Gary Bass, a professor of politics and international affairs at Princeton University, is the author of The Blood Telegram: Nixon, Kissinger, and a Forgotten Genocide (Knopf); Freedom's Battle: The Origins of Humanitarian Intervention (Knopf); and Stay the Hand of Vengeance: The Politics of War Crimes Tribunals (Princeton).
The Blood Telegram was a Pulitzer Prize finalist in general nonfiction and won the Council on Foreign Relations' Arthur Ross Book Award, the Lionel Gelber Prize, the Asia Society's Bernard Schwartz Book Award, the Cundill Prize in Historical Literature, the Society for Historians of American Foreign Relations' Robert H. Ferrell Book Prize, and the Ramnath Goenka Award in India. It was also a New York Times and Washington Post notable book of the year, and a best book of the year in The Economist, Financial Times, The New Republic, and Kirkus Reviews. Freedom's Battle was a New York Times notable book of the year and a Washington Post best book of the year.
Bass has written articles for International Security, Philosophy & Public Affairs, The Yale Journal of International Law, The Michigan Law Review, Daedalus, NOMOS, and other journals, as well as numerous book chapters in edited volumes. A former reporter for The Economist, Bass has written often for The New York Times, as well as writing for The New Yorker, The New York Review of Books, The Washington Post, The Los Angeles Times, The New Republic, The Atlantic, Foreign Affairs, Foreign Policy, and other publications.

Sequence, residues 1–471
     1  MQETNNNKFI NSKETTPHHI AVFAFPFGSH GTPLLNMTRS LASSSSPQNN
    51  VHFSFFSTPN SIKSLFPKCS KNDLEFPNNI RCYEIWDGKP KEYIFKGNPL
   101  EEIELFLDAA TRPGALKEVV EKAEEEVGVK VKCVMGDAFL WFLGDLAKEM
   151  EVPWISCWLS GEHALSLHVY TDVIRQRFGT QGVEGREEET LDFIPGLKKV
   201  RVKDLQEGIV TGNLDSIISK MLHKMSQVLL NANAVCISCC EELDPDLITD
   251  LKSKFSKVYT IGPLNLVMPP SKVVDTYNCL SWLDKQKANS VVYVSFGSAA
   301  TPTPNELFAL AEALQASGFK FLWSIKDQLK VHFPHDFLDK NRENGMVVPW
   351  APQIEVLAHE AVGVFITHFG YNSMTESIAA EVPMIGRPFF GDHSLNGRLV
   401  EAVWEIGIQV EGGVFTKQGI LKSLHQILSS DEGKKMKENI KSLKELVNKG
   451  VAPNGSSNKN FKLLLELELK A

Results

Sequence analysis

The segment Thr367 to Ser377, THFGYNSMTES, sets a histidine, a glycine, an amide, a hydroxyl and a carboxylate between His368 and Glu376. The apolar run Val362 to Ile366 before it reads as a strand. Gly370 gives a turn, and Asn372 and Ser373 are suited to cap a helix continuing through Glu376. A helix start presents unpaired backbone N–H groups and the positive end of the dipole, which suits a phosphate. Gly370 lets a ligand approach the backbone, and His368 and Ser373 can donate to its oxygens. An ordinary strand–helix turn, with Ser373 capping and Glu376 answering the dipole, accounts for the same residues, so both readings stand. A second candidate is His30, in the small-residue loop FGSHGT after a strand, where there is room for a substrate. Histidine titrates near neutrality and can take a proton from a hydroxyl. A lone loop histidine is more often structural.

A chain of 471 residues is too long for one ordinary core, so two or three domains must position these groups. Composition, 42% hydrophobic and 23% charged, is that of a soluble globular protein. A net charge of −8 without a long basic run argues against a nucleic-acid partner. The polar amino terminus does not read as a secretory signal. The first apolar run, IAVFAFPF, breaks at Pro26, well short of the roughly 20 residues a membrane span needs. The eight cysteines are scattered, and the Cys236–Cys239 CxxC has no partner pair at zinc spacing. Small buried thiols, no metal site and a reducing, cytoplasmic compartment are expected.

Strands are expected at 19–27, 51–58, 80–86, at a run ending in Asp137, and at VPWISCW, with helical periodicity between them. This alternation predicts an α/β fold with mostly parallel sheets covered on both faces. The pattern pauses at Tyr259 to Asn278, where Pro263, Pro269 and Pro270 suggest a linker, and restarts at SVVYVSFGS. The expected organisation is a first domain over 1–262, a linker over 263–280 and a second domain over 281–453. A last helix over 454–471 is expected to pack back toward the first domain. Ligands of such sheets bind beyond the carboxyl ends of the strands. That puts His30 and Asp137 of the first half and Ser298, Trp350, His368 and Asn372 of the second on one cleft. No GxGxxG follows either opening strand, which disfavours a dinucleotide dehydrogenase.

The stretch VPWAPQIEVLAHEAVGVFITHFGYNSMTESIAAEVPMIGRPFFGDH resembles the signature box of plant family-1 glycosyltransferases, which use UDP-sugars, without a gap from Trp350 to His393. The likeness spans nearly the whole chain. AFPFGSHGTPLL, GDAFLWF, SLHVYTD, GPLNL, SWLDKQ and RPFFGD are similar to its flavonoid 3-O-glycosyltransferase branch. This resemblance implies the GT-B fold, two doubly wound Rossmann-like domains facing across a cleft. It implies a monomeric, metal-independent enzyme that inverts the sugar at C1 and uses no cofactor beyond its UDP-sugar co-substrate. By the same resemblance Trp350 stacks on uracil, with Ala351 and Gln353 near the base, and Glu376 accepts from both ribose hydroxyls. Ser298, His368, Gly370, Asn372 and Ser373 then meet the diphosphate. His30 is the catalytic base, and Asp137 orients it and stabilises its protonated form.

Event is FREE and OPEN to the public.
Established in 2013 with a generous gift from the Subir & Malini Chowdhury Foundation, The Subir & Malini Chowdhury Center for Bangladesh Studies at UC Berkeley champions the study of Bangladeshs cultures, peoples and history. The first of its kind in the US, the Centers mission is to create an innovative model combining research, scholarships, the promotion of art and culture, and the building of ties between institutions in Bangladesh and the University of California.